The Historical Context of Orwell’s 1984: Stalin’s Purges

There are clear parallels between Orwell’s historical context and his novel, 1984. One of these parallels is the Russian Revolution and its aftermath – Joseph Stalin’s takeover of the Communist Party, and his bloody purges of both officials and civilians.

Russian revolutionaries and leaders Joseph Stalin (1879 - 1953), Vladimir Ilyich Lenin (1870 - 1924), and Mikhail Ivanovich Kalinin (1875 - 1946), at the Congress of the Russian Communist Party. (Photo by Hulton Archive/Getty Images)

Stalin, Lenin, and Trotsky.

After Lenin, the leader of the Communist Party which assumed control of Russia shortly after the demise of the Tsars, died in 1924, it was expected that Leon Trotsky would assume the leadership. But Joseph Stalin, secretary of the Communist Party, seized the top job instead. Trotsky believed in a global Communist revolution, whereas Stalin was much more nationalistic, advocating for the Communism as a means to strengthen Russian. Stalin was a cunning political animal, and despite Trotsky being a favourite to take over the leadership, Stalin employed a series of crafty manuevres to remove Trotsky and claimed the leadership for himself. After Stalin took over the party, he ensured that Trotsky was out of the picture. In 1924, he moved to have Trotsky dismissed from the Party, defamed as an enemy of the state, and then finally, murdered in 1940.

Trotsky was the first major victim of Stalin’s ruthless pursuit of power. In 1927, he removed Kamenev and Zinoviev, opponents of his in a rival faction of the Party, and two years later, two other powerful members, Rykov and Tomsky were banished from of the party.

The 1930s was a decade when Stalin grew intensely paranoid about the security of his dictatorship, and during what is known to historians as The Great Purge, an estimated 600,000 to 3 million people were executed in the name of protecting the state from dangerous individuals who betrayed Communist ideals.

Stalin frequently altered photographs to literally erase his enemies from history. Consider the examples below:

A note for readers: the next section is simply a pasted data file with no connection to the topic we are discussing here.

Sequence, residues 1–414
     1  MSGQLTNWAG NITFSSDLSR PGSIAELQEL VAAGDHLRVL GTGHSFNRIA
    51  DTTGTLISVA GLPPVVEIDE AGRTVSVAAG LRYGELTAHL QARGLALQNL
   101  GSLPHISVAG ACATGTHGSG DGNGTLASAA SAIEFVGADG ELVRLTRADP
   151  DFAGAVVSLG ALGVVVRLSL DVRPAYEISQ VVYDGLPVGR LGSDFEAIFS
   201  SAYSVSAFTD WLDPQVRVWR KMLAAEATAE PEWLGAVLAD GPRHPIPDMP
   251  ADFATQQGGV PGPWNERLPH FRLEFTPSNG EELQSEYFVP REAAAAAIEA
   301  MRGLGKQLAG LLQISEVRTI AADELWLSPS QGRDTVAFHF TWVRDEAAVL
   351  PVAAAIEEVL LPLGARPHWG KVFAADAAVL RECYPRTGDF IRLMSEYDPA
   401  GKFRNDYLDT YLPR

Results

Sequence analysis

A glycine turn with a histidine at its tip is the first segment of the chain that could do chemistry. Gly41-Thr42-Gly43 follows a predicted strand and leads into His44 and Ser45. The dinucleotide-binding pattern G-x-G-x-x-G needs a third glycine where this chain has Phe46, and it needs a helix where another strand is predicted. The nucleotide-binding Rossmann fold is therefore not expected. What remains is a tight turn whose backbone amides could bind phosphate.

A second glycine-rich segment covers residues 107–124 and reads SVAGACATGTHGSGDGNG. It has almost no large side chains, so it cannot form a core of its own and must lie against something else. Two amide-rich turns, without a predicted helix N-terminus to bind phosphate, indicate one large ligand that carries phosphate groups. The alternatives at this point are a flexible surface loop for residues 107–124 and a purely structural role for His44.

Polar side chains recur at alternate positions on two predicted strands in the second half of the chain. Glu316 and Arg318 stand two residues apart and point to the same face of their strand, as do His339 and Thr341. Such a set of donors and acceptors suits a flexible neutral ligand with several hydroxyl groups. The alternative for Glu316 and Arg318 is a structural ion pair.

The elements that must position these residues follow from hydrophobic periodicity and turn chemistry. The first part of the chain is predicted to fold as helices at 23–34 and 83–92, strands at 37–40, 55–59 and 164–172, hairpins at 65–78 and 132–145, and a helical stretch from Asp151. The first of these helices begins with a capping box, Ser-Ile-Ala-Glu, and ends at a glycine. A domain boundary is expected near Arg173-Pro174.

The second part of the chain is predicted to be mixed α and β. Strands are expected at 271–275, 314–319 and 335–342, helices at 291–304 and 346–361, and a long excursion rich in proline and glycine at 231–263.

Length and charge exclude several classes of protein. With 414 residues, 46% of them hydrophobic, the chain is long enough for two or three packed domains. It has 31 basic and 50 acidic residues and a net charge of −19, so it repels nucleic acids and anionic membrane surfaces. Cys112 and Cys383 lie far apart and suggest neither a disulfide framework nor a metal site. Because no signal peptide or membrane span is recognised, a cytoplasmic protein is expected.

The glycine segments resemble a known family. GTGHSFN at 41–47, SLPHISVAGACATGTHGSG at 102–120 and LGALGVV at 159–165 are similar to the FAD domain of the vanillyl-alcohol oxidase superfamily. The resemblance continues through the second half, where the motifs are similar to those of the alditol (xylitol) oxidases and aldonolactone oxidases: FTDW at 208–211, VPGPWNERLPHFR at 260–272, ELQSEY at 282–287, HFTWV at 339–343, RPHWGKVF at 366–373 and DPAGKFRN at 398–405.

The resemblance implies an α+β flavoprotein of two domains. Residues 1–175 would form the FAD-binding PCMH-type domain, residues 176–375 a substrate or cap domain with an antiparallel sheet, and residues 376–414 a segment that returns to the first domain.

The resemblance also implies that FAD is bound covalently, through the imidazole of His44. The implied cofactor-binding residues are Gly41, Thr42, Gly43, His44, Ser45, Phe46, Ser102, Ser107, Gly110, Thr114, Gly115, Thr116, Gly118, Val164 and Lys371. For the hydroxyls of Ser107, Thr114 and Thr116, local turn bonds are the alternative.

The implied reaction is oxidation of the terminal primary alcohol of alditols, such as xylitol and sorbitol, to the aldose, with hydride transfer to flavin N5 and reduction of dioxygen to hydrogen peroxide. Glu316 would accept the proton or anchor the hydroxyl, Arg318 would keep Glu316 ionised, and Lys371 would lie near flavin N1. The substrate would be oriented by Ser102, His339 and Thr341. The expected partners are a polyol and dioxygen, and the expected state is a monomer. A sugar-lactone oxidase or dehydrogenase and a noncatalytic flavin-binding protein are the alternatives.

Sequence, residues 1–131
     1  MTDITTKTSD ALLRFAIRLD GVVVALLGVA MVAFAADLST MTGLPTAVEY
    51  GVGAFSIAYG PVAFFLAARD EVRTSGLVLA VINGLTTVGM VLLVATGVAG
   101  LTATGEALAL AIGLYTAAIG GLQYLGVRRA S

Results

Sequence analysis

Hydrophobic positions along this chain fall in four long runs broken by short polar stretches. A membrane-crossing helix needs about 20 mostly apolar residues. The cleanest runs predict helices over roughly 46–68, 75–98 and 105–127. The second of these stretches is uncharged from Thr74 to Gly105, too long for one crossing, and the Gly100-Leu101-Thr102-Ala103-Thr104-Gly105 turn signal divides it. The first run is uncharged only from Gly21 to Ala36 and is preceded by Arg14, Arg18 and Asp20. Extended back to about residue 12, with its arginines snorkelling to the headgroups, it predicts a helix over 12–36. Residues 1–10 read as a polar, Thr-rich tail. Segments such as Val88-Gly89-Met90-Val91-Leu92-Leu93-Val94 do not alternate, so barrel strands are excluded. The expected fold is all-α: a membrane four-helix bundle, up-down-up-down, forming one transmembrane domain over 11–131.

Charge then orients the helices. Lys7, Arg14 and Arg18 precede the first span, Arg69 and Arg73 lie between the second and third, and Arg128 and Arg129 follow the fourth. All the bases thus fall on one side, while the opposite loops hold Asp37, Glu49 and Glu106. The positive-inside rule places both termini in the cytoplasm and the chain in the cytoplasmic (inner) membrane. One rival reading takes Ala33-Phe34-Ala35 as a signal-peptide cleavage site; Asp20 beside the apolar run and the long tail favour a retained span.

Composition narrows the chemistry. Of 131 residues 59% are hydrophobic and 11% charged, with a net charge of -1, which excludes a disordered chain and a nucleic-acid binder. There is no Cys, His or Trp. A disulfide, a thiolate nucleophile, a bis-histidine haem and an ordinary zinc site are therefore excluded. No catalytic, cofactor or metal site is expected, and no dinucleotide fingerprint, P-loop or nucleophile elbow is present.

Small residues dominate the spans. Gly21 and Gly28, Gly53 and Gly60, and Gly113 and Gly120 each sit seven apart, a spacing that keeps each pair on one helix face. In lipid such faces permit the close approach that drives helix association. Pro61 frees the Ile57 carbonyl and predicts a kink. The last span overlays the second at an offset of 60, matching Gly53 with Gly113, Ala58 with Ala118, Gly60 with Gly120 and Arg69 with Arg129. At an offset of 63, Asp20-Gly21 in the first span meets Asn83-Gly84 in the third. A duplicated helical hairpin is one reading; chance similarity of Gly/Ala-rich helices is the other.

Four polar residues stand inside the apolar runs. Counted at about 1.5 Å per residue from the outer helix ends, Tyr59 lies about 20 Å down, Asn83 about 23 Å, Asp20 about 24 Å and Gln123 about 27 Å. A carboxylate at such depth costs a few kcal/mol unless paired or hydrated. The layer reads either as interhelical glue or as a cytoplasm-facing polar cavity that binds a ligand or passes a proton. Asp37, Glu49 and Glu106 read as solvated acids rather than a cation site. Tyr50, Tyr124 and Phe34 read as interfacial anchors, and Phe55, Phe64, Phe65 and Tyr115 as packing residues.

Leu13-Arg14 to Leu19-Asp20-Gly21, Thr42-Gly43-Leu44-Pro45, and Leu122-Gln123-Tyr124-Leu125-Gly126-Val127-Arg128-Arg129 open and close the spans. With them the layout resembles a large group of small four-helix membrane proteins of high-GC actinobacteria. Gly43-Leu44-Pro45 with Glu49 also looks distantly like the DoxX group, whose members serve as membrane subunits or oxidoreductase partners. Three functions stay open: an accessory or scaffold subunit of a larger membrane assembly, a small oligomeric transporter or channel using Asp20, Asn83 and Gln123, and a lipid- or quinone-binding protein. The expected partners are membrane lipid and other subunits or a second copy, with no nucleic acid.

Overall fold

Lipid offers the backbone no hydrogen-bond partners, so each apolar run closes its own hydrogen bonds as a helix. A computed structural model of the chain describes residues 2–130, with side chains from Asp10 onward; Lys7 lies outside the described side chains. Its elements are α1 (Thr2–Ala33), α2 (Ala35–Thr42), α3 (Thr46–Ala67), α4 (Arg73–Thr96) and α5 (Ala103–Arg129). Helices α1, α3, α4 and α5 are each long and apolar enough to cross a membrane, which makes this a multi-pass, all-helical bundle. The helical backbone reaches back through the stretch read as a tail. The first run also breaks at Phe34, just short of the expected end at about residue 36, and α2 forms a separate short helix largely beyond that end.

Original Photographs




After Stalin removed Trotsky, he tried to rewrite the past by erasing Trotsky from photographs where he appeared close to the beloved former leader Lenin. His purpose was to frame Trotsky as an enemy of the nation, who never had the support of Lenin.

Altered Photographs

In these images, Trotsky (top: centre-left, bottom: centre left), has been erased.


We can pinpoint the chapter in Orwell’s novel 1984 which most explicitly deals with this event in Russia’s history. In Chapter 7, Winston reflects on his encounter with the old leaders of the Party, on how Big Brother had systematically exiled them then invented false confessions in order to justify their executions to the public. Central to this chapter  is the theme of the invalidation of an individual’s memory and perspective of reality by a totalitarian regime’s distortion and falsification of history.

Extract from Nineteen Eighty-Four

Chapter 7.

The story really began in the middle sixties, the period of the great purges in which the original leaders of the Revolution were wiped out once and for all. By 1970 none of them was left, except Big Brother himself. All the rest had by that time been exposed as traitors and counter-revolutionaries. Goldstein had fled and was hiding no one knew where, and of the others, a few had simply disappeared, while the majority had been executed after spectacular public trials at which they made confession of their crimes. Among the last survivors were three men named Jones, Aaronson, and Rutherford. It must have been in 1965 that these three had been arrested. As often happened, they had vanished for a year or more, so that one did not know whether they were alive or dead, and then had suddenly been brought forth to incriminate themselves in the usual way. They had confessed to intelligence with the enemy (at that date, too, the enemy was Eurasia), embezzlement of public funds, the murder of various trusted Party members, intrigues against the leadership of Big Brother which had started long before the Revolution happened, and acts of sabotage causing the death of hundreds of thousands of people. After confessing to these things they had been pardoned, reinstated in the Party, and given posts which were in fact sinecures but which sounded important. All three had written long, abject articles in ‘The Times’, analysing the reasons for their defection and promising to make amends.

Some time after their release Winston had actually seen all three of them in the Chestnut Tree Cafe. He remembered the sort of terrified fascination with which he had watched them out of the corner of his eye. They were men far older than himself, relics of the ancient world, almost the last great figures left over from the heroic days of the Party. The glamour of the underground struggle and the civil war still faintly clung to them. He had the feeling, though already at that time facts and dates were growing blurry, that he had known their names years earlier than he had known that of Big Brother. But also they were outlaws, enemies, untouchables, doomed with absolute certainty to extinction within a year or two. No one who had once fallen into the hands of the Thought Police ever escaped in the end. They were corpses waiting to be sent back to the grave.